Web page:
I had the fortune to travel to Australia with Hiram College in 1999. We spent 3 months touring the eastern half of the continent, traveling in a motorcoach complete with a modern day chuck wagon trailing behind. What a trip. I even created a website all about it, and it really hasn't been touched since 1999. Go there soon, because Yahoo! is eliminating their free Geocities hosting. Although it was ten years ago, whenever I visit the Australia area at the Columbus Zoo, I'm brought right back to the home of Kangaroos and Koalas.
The kangaroo pictured is one of the big reds, Macropus rufus, which live in the interior of the country. Reds are so common that many people in the outback place large metal bars across the fronts of their cars, almost like an old cow catcher, to protect their cars from collision. Our bus hit several on our trip, unfortunately.
A much more rare Aussie animal, and one that I never saw in the wild was the Koala, Phascolarctos cinereus. Koalas are from the forested regions of southeastern Australia. We did see them in sanctuaries, but we didn't spend enough time in the forested regions to see any wild populations. The history of Koala-human interactions is quite interesting- during the 19th and early 20th centuries, koalas were hunted for their fur, and eventually large culling programs were initiated. Hard to believe that such a cute and cuddly looking creature has had such a complex history with people.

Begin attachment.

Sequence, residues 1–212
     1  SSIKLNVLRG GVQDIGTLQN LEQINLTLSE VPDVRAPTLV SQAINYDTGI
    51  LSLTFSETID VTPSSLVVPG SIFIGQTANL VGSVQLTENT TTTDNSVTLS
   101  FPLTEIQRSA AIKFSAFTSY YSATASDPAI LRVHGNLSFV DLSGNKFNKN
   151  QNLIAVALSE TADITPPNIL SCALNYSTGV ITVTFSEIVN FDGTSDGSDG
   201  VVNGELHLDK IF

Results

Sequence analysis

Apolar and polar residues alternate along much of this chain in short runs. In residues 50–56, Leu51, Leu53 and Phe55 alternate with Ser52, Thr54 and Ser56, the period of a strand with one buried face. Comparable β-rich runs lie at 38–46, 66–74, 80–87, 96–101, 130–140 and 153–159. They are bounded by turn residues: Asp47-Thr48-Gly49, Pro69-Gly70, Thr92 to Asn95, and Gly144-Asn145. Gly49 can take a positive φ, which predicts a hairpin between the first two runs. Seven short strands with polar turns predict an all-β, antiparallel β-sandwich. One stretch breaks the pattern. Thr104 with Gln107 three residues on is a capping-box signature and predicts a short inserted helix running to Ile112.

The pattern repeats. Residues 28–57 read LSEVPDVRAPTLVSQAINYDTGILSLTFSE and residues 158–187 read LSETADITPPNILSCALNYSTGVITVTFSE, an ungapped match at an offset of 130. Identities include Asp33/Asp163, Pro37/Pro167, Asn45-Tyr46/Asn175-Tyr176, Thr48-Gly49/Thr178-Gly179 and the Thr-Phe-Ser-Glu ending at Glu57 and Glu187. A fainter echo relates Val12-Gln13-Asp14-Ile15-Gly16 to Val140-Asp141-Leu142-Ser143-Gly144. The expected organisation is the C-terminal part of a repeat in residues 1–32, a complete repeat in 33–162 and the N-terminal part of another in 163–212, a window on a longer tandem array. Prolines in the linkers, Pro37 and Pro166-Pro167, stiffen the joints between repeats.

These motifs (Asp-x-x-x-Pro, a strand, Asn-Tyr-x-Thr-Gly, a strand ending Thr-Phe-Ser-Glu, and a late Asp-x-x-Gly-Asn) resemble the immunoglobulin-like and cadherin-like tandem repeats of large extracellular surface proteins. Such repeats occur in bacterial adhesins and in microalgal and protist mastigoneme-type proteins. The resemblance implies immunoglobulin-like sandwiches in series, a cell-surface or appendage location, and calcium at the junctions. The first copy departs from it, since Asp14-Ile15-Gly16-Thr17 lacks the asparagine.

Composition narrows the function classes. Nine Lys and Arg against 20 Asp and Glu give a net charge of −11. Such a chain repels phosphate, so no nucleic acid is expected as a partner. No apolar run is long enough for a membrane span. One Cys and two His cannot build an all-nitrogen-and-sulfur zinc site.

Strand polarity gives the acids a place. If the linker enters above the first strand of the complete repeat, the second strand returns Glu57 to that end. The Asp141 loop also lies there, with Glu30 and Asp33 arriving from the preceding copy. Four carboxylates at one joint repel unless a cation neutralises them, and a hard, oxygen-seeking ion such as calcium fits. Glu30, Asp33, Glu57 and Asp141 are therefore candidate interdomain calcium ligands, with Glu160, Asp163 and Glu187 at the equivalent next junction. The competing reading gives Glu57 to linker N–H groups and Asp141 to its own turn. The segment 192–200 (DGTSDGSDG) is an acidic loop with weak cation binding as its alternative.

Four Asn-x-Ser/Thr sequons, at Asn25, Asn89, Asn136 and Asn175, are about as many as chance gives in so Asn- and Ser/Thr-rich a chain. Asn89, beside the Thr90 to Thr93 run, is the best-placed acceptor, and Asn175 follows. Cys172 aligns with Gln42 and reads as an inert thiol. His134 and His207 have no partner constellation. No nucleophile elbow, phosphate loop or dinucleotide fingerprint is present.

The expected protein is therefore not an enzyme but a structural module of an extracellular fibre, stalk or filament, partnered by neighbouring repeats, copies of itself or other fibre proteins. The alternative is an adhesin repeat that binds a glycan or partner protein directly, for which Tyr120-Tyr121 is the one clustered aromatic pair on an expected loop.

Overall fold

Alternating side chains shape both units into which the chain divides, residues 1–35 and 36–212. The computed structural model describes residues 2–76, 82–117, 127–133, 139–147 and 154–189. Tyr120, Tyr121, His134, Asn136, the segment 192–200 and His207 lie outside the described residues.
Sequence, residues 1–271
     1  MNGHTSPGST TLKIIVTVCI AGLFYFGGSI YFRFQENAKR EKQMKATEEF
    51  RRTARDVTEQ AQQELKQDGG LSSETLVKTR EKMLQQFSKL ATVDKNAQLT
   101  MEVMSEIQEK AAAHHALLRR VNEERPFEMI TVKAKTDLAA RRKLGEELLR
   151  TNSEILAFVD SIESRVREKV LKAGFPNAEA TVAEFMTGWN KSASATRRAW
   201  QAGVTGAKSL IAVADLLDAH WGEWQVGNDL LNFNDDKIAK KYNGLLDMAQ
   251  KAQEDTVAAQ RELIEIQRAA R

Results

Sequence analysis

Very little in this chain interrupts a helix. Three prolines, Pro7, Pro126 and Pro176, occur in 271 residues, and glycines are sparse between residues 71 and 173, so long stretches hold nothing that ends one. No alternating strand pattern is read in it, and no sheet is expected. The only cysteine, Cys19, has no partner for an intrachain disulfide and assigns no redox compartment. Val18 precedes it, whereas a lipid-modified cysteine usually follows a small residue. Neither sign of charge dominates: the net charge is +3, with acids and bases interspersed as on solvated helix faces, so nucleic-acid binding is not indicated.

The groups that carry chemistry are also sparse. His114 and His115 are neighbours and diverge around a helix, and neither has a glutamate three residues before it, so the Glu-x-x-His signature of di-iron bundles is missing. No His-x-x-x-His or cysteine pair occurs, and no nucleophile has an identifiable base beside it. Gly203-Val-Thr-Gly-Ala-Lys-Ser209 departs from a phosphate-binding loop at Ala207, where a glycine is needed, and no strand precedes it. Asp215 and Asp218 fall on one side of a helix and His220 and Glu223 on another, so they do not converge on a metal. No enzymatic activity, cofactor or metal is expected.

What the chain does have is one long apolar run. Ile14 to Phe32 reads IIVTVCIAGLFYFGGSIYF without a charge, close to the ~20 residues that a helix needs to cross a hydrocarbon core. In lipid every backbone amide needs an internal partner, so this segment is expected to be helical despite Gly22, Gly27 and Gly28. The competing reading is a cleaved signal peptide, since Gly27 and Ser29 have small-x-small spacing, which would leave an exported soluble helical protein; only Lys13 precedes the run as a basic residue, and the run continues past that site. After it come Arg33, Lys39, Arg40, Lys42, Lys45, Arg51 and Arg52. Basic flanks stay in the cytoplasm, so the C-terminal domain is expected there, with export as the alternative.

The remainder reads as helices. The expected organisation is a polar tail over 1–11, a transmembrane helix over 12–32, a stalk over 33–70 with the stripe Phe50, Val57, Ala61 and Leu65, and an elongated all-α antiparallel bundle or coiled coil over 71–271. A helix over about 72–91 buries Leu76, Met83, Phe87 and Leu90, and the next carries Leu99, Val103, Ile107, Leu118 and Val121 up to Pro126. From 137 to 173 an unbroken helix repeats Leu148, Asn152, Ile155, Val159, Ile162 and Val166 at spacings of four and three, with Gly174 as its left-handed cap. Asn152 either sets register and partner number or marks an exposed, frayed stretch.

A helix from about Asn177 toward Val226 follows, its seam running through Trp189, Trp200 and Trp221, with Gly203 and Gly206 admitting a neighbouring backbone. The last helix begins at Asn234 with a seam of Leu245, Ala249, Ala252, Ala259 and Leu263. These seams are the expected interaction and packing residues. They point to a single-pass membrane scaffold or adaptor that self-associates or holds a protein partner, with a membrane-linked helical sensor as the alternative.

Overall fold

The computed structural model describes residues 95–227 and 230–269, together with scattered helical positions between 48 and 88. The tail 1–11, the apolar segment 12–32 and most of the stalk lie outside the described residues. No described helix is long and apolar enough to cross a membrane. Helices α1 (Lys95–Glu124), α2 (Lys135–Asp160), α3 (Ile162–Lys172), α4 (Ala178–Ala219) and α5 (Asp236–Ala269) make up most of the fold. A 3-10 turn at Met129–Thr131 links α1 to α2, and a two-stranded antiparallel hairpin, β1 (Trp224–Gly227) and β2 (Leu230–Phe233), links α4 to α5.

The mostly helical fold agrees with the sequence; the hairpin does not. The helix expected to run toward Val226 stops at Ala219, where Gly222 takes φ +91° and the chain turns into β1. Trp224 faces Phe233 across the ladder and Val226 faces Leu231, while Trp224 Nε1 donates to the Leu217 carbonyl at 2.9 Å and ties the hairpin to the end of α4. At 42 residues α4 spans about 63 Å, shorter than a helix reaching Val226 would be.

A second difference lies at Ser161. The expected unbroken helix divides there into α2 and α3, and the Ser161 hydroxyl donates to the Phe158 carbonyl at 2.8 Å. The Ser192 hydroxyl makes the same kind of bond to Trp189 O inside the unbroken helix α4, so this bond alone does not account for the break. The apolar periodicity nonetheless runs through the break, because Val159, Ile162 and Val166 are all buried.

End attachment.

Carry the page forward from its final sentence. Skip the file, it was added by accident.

Oh yeah, back to my title. The Aussies really do greet each other with "G'day". It's not just a joke or a stereotype. Here in America, guys like me talk about our friends or buddies, but if you're an Aussie and you're about to go have a VB (Victoria Bitter, great beer, extremely rare in the U.S.) with your buddies, you'd call them your "mates".
That concludes the images from the Columbus Zoo series. I needed some time away from blogging on Ohio nature for a little bit, but we've recently had plenty of interesting natural encounters, look for them this upcoming week.